When our lovely daughter Louise died, aged 21, I really felt I didn’t want to go on living. But, gradually, through the love and support of my husband Ross, son Tommy and my fabulous friends, I came to an understanding with life, and realised that I could re-discover my old zest for it.
Since Louise died we have travelled the world – from Bhutan, where we erected prayer flags in her memory, to Kerala, Zimbabwe, Kenya (where we interred her ashes with those of her grandparents), Switzerland to ski and walk in the mountains, and then a move to Singapore with Ross, where we have been capitalising on the delights of the Far East: India, Malaysia, the Philippines, China and Indonesia. All in 9 months!
Suddenly all this recovery is catapulted into outer space. Yesterday I was diagnosed with a soft tissue sarcoma of the calf, and here I am today in hospital having had a biopsy and a PET scan, waiting to hear the prognosis. Our 30th anniversary dream diving holiday to Wakatobi in Sulawesi cancelled – we should be there right now!
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The tumor began as a suspected hematoma in the calf, which would not go away: I had a couple of weeks of ultrasound and massage, with lots of stretching but it seemed to get increasingly painful. By Monday this week, I was beginning to have difficulty walking without limping, so decided to go back to the GP. Suddenly I was being rushed to a vascular surgeon, having an MRI, followed by a consultation with an orthopedic surgeon and, finally, today into hospital to have a PET scan and biopsy.
The last 36 hours have been very dark indeed. Reading up on Soft Tissue Sarcomas (STS) of the calf was hardly comforting: not only is it extremely rare, but also the treatments include chemo, radiotherapy and excisions, sometimes all three, and often two of the above. Then there’s no guarantee that the excision will not affect your nerve, and you might be unlucky enough to lose your leg; at best your calf muscle will probably be damaged.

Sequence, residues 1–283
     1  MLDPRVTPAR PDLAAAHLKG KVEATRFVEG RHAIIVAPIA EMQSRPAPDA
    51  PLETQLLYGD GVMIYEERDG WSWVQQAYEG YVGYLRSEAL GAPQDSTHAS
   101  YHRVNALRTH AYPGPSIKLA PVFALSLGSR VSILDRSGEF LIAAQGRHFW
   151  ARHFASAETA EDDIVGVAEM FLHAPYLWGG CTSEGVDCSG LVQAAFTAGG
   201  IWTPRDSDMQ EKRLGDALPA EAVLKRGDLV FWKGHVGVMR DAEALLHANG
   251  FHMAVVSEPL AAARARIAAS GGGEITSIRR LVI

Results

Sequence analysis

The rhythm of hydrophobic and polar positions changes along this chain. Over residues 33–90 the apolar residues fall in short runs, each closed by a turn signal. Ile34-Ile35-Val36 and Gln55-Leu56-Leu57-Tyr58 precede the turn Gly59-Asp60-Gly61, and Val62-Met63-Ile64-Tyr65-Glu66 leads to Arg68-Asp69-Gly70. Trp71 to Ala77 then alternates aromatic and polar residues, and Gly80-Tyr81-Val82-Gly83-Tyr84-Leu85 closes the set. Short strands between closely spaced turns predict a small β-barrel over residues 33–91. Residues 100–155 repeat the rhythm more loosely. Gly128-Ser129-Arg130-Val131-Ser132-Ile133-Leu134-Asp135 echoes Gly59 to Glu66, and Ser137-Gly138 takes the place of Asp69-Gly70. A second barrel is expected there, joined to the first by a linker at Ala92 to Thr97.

But the worst scenario is that it could have spread to the soft issues of the lung, liver and pancreas. In that case it is usually terminal.
Last night I could not sleep, hardly surprising really. ‘Why me?’ As Louise would have said, ‘Its not my fault’. What have we done to deserve all this bad luck: the deaths in close succession of my mother, Louise, and then father, with Ross’s prostate cancer in-between? He at least is now clear. I have never believed in God and I certainly would not be tempted to do so now!
At 3 am I am sitting on my lounger overlooking our softly-lit pool, all calming turquoise and gently fading pinky/mauve lights, the palms gently rustling in the breeze, and breathing in the scented tropical air. Out of nowhere a big storm rolls in, forked lightening and soft rain. I begin to think how much I love my life, my husband, son and friends, and I am not ready to go just yet. So much travelling to do, so much laughter and joy to be had…but later in the darkness of the bedroom as I toss and turn and remember my maxim, Carpe Diem, I can see that elusive day flitting away from me like a will o the wisp, tantalisingly out of reach.
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The worst moment today was when I was recalled to the PET scan: ‘We think we have seen something on your pancreas and liver and need to re-check it’.
As I lie in the tomb-like scan, tears roll down my cheeks, my whole body trying not to convulse – you have to keep very still – silently shouting out, I don’t want to die!
And maybe my time has not yet come: the radiologist confirms that while there was indeed ‘hot spot’ ie tumor in the calf, what they had thought were shadows on the other internal organs turn out to be my gut. Phew!
But we are not out of the woods yet; the precise nature of my tumor has to be diagnosed and treatments agreed. I will come back to England for those, at least 6-7 weeks of horridness. I will probably lose my calf muscle – no more mountain walks – but should be able to ski again in due course. These are small but meaningful mercies if one can at least continue to live.